In This Video
- Patients with hypertrophic cardiomyopathy may benefit from a surgical myectomy, but cardiologists must first determine where to focus and how much to take out during surgery
- The Division of Cardiac Surgery at Massachusetts General Hospital has partnered with the Department of Radiology to use 3D printing as a guide in their surgical approach
- Thor Sundt, MD, division chief, explains how a 3D model of the left ventricle aided a recent septal myectomy
In this video, Thor Sundt, MD, chief of the Division of Cardiac Surgery and director of the Corrigan Minehan Heart Center at Massachusetts General Hospital, discusses how their partnership with the Department of Radiology and the use of 3D printing has become a useful tool in his team's approach to the treatment of hypertrophic cardiomyopathy.
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I'm delighted to have some time to speak with you today about our approach to the treatment of hypertrophic obstructive cardiomyopathy and particularly the way we've enlisted our colleagues in Radiology around three-dimensional printing of the left ventricle to help guide our surgical approach.
Sorting out A) which patients will be best served with a surgical myectomy, and B) if we're going to do a surgical myectomy, how much should we take out, where should we focus… Those are all issues that I think can be addressed by leveraging the experience of our radiologists, particularly in three-dimensional printing, and I want to show you a three-dimensional model made of one of the patients that we did a septal myectomy on, that helped us in guiding our therapy.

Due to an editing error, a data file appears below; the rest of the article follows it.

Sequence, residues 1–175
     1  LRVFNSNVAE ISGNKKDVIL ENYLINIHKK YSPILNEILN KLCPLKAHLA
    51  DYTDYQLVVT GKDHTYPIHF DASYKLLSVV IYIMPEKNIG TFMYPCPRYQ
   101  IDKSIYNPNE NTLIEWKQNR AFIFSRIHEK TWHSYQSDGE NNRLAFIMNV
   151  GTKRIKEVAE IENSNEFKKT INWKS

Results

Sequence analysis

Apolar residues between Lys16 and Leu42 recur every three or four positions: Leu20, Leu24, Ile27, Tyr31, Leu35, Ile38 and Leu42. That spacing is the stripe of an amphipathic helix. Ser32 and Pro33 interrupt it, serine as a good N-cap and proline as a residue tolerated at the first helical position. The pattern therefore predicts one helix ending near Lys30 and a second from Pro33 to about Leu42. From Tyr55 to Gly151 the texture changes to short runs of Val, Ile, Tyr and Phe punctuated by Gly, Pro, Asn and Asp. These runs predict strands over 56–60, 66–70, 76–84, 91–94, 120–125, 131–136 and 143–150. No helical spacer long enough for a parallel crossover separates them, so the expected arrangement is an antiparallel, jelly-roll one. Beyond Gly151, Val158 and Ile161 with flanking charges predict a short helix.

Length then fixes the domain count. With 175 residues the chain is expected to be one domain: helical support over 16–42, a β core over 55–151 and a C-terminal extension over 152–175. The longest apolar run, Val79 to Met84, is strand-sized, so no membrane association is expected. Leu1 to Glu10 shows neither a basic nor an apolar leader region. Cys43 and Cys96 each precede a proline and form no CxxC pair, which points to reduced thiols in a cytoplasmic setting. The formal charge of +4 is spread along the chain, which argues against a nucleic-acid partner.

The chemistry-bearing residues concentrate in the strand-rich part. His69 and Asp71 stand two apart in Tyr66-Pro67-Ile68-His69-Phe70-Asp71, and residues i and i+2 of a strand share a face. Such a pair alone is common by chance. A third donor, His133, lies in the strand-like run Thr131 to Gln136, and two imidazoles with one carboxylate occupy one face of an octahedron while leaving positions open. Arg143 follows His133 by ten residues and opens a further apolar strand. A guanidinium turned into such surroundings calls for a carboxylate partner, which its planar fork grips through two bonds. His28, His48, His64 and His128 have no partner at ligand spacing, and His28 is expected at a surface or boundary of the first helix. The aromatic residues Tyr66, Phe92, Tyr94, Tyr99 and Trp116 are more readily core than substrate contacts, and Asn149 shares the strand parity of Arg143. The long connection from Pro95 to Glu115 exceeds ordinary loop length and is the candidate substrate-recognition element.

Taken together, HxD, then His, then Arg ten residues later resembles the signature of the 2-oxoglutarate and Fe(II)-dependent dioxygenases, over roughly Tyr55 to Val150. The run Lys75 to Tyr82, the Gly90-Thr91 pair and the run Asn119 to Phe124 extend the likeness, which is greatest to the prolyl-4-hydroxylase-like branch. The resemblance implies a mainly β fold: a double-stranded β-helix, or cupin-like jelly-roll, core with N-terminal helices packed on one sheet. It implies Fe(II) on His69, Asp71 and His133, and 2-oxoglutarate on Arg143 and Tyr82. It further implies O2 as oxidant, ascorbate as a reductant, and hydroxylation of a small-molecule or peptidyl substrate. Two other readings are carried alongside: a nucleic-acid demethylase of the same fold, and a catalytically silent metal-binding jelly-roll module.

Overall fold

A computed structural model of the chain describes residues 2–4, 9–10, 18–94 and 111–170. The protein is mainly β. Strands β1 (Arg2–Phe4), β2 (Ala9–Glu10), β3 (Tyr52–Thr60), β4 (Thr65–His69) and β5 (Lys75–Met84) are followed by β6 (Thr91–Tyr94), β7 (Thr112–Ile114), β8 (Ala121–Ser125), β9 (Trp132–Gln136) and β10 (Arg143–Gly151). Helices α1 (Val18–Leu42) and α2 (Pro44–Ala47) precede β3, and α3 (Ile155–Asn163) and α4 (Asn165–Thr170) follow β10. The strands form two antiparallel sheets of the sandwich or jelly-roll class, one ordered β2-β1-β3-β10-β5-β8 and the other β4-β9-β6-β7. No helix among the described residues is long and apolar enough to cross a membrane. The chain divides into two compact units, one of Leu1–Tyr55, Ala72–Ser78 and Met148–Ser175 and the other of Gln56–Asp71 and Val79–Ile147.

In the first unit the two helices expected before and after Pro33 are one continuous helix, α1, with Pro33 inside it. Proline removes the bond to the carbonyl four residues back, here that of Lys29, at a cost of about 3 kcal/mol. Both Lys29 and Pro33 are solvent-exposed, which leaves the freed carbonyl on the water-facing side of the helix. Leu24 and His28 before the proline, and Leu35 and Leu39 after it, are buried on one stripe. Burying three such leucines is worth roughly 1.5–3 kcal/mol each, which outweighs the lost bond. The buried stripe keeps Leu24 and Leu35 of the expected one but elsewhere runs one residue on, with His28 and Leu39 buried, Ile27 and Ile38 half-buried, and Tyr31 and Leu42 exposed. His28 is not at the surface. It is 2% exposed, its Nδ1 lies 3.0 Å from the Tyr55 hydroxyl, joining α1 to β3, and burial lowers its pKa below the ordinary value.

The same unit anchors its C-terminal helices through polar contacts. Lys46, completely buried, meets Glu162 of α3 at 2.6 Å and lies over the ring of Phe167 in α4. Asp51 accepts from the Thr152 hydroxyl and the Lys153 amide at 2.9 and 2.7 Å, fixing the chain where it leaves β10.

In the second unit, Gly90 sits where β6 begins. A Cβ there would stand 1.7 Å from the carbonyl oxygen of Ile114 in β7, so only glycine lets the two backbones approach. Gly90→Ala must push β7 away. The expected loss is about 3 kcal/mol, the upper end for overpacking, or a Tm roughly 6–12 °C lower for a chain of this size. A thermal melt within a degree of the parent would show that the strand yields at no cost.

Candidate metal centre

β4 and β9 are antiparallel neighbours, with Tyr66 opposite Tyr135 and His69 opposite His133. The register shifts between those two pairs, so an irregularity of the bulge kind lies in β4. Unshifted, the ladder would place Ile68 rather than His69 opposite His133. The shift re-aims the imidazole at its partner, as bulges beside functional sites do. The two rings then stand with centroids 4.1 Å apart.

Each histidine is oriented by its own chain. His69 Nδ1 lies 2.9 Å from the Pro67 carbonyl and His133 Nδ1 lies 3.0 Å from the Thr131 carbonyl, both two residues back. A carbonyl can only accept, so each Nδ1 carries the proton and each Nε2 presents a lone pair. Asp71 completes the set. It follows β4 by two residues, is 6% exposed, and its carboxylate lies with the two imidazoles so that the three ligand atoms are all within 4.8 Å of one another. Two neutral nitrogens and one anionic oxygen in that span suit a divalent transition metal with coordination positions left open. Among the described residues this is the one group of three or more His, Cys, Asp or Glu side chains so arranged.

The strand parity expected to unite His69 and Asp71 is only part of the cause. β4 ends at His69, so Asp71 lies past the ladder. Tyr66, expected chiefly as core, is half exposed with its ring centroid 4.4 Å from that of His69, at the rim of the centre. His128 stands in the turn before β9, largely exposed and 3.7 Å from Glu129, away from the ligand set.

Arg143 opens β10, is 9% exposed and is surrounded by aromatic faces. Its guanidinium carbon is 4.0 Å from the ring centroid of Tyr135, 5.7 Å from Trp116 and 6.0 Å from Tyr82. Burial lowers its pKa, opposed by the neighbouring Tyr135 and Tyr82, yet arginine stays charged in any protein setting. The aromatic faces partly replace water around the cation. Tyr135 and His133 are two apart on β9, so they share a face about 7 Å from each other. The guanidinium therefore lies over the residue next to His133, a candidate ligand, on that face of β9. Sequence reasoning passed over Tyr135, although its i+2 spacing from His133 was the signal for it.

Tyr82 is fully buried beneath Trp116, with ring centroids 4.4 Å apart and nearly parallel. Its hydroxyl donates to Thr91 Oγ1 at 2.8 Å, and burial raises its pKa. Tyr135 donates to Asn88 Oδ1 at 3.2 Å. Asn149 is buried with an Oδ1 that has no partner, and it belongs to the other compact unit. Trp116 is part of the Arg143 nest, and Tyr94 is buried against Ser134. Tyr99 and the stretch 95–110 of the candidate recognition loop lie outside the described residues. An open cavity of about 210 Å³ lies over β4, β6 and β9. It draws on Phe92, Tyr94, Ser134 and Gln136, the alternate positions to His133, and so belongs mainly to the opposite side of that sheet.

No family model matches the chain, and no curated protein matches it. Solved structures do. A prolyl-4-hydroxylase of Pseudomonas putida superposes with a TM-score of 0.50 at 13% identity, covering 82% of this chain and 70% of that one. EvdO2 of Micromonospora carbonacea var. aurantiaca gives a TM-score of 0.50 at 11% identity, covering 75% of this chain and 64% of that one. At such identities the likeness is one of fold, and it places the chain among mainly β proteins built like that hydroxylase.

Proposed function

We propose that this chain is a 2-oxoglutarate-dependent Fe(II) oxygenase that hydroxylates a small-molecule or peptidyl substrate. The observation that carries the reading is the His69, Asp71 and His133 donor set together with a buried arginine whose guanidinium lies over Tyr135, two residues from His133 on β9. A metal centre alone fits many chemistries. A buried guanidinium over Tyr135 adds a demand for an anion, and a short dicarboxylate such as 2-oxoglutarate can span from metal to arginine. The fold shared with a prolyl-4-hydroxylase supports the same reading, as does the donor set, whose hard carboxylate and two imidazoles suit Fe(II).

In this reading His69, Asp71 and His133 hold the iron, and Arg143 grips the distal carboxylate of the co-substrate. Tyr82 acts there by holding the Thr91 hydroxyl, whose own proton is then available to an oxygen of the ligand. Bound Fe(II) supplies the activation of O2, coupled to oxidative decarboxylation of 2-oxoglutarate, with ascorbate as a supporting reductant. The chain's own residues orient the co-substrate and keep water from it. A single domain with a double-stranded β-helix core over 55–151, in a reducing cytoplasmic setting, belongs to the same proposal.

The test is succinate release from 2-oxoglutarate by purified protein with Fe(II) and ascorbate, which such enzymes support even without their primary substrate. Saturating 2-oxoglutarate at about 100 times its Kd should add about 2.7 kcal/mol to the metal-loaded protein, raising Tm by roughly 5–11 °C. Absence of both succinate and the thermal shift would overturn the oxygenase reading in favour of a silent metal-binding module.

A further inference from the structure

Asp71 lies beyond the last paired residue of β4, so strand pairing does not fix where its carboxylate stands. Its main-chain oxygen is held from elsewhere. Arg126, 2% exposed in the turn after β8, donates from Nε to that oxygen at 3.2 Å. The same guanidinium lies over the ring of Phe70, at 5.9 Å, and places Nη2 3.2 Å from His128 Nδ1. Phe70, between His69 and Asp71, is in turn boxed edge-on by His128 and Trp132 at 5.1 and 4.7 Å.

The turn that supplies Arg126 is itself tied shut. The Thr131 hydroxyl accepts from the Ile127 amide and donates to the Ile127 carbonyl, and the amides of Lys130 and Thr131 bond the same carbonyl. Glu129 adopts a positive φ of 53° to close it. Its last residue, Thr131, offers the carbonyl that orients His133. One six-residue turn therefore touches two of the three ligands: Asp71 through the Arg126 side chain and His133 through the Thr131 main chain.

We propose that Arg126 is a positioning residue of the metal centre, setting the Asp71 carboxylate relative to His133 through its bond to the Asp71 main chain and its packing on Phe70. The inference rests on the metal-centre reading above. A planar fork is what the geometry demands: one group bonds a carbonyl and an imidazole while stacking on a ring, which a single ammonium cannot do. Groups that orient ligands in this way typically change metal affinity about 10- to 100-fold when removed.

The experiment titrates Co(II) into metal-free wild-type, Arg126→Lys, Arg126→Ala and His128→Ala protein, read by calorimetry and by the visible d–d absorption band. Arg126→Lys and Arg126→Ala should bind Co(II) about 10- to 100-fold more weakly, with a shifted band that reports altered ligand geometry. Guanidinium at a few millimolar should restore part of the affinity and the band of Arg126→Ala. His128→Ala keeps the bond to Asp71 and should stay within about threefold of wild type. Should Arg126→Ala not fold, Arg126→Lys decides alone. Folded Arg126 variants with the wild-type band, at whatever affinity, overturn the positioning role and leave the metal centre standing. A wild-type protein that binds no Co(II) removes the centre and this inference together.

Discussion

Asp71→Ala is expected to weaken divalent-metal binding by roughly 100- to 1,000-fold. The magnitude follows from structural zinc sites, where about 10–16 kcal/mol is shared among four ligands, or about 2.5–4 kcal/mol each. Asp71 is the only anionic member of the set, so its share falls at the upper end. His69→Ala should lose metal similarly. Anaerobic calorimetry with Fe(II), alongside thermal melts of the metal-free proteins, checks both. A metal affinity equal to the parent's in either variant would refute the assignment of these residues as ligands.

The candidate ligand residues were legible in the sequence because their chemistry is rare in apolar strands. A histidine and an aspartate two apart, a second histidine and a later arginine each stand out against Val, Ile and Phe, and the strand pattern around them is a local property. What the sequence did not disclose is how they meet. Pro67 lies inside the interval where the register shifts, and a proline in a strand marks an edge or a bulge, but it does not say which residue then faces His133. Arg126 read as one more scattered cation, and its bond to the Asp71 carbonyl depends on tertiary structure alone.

If we look inside, they bivalve these for me, you can really see, particularly in this patient, you can appreciate how there is essentially an apical cavity right here and you can see this septal bulge. And here on this site I've drawn a diagram or a line, to demonstrate what it would look like to take out that piece of septum. And you can see what looks like an apical chamber, a very narrow spot here, and the aim to do is to cut this. This also shows how deeply into the ventricle one needs to go to get adequate gradient relief.
For example, in this particular patient, this 3D print helped me to understand and appreciate how deeply I needed to go into the ventricle to be able to get adequate gradient relief.
I will tell you that patients really appreciate seeing the three-dimensional reconstruction of their ventricles. This has really turned out to be a tremendously useful tool in helping me to do a better job with septal myectomies, which is an extremely effective way to treat hypertrophic obstructive cardiomyopathy.
Learn more about the Division of Cardiac Surgery
Refer a patient to the Corrigan Minehan Heart Center